Medicare Overpayments

For years, courts have held that it is a violation of the False Claims Act (FCA) when a provider has concealed or improperly avoided or decreased its obligation to pay the government, by failing to disclose and refund clear overpayments.

Liability is founded on the basis that the provider has an obligation to notify Medicare, of the overpayment, in its annual cost reports or otherwise.

With the enactment of the Patient Protection and Affordable Care Act of 2010, 42 U.S.C. § 1320a-7k(d), federal law explicitly provides for liability of providers when overpayments are retained.  For purposes of subsection 1320a-7k(d), “overpayments” are defined as “Medicare funds received or retained to which a person is not entitled, after applicable reconciliation.” Such overpayments must be reported and returned by the later of sixty days after they were identified or the date any applicable cost report is due. Any overpayment retained after this deadline is defined as an “obligation” within the meaning of the FCA.

This section of the Act, entitled “Reporting and Returning of Overpayments,” requires a person who has received an overpayment to report and return the overpayment to HHS, the State, an intermediary, a carrier, or a contractor, as appropriate, and to notify the HHS, State, intermediary, carrier, or contractor to whom the overpayment was returned in writing of the reason for the overpayment.

Examples of “overpayments” are:

    • Medicare payments for noncovered services.
    • Medicare payments in excess of the allowable amount for an identified covered service.
    • Errors and nonreimbursable expenditures in cost reports.
    • Duplicate payments.
    • Receipt of Medicare payment when another payor had the primary responsibility for payment.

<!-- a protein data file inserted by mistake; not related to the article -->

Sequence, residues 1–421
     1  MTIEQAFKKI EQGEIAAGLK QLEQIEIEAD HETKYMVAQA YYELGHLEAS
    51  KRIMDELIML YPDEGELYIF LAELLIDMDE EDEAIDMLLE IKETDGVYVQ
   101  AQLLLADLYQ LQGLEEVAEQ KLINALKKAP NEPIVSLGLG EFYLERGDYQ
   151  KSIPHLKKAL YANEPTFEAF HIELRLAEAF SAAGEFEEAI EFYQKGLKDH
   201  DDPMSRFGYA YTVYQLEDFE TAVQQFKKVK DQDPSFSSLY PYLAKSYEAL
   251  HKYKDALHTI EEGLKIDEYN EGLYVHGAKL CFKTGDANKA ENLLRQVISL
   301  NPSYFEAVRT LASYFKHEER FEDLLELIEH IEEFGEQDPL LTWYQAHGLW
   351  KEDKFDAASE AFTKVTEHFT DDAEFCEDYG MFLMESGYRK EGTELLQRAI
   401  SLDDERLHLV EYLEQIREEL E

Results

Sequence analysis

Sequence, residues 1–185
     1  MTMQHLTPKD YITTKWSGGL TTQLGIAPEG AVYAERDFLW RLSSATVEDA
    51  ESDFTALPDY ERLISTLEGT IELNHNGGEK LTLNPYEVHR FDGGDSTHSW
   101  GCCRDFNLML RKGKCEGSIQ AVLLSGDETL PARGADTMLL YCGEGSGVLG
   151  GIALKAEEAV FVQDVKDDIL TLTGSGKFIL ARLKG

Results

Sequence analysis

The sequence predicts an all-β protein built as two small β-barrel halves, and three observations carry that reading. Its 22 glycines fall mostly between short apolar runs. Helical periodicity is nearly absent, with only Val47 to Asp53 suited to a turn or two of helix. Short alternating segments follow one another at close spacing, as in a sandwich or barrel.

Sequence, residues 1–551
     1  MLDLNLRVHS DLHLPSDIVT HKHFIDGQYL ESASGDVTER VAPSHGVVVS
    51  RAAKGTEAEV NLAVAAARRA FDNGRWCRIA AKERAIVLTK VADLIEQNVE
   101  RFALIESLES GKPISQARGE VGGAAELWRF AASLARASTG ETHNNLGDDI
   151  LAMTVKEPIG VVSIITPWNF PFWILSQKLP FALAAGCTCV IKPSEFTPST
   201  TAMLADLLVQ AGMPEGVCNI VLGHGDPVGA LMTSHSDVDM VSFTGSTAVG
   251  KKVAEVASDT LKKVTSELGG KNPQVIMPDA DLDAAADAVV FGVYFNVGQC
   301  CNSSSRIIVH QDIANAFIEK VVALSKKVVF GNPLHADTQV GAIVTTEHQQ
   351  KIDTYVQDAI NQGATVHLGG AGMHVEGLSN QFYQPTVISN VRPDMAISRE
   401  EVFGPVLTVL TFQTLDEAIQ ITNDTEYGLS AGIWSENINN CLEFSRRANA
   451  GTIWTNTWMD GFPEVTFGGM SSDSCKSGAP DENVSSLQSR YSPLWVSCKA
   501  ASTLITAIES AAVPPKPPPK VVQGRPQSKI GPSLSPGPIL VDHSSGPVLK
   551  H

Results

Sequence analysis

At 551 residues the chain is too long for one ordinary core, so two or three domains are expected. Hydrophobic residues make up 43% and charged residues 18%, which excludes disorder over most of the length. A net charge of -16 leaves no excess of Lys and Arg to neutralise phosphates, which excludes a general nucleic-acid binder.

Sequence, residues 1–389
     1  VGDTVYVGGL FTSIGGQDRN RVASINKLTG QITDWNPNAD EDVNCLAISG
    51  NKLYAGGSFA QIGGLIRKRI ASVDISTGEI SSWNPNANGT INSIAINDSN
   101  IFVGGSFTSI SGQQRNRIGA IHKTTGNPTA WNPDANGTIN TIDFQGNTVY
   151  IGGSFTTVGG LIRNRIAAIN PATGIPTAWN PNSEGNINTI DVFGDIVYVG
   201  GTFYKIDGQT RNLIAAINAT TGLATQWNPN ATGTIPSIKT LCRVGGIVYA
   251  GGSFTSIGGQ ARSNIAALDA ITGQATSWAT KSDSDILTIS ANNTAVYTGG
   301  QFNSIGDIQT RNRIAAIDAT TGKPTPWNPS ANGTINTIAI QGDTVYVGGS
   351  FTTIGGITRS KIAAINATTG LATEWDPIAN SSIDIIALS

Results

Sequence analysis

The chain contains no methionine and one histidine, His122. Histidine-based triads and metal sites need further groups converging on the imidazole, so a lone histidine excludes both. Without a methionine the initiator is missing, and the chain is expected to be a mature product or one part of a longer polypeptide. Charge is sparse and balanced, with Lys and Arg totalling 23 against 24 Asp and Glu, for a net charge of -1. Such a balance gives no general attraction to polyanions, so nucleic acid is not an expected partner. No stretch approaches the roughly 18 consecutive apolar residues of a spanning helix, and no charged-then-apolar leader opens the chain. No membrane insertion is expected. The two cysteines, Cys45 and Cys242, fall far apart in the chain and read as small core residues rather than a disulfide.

Examples of overpayments also include:

  • A provider or supplier reviews billing or payment records and learns that it incorrectly coded certain services, resulting in increased reimbursement.
  • A provider or supplier learns that a patient death occurred prior to the service date on a claim that has been submitted for payment.
  • A provider or supplier learns that services were provided by an unlicensed or excluded individual on its behalf.
  • A provider or supplier performs an internal audit and discovers that overpayments exist.
  • A cost report provider receives an overpayment and fails to refund to Medicare after the applicable reconciliation takes place.

Whistleblower lawsuits based on hospital system retention of overpayments can be complex. Contact our whistleblower lawyers for more information.

REAL PEOPLE making real change Medicare Fraud Wins

Kathleen Hawkins

Dignity Health
$37 million

Kathleen Hawkins, RN MSN, had been employed by Defendant, Catholic Healthcare West (CHW) for approximately 6 years when she decided she had had enough of trying to change the hospital system from within.

CHW, a California not-for-profit corporation that operated hospitals in California, Arizona, and Nevada, was at the time the eighth largest hospital system in the nation and the largest not-for-profit hospital provider in California.

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Joe Strom

Johnson & Johnson
$184 Million

Joe Strom contacted us in 2005. We were very grateful that he did. We immediately formed an all-star legal team and a process to stop a very harmful pharmaceutical marketing strategy. It was this process we set into motion that ultimately returned hundreds of millions of dollars to the U.S. Treasury, and a portion of that, very well-deserved, into Joe’s bank account.

Joe told us a very troubling story about the off-label promotion of a pharmaceutical drug for patients who already suffered from chronic heart failure.

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Description
Description

“I collaborated with Nolan, Auerbach and White on a broad variety of cases where whistleblowers stepped forward to disclose tactics employed by large companies to influence physicians' medical decision-making in patient care. They and their medical consultants, have consistently leveraged biomedical research and best medical evidence to advance patient safety, optimize clinical outcomes, and control precious resource utilization.”

— Fred Polsky M.D.,, Former Medical Director, CMS Zone 7 Integrity Contractor

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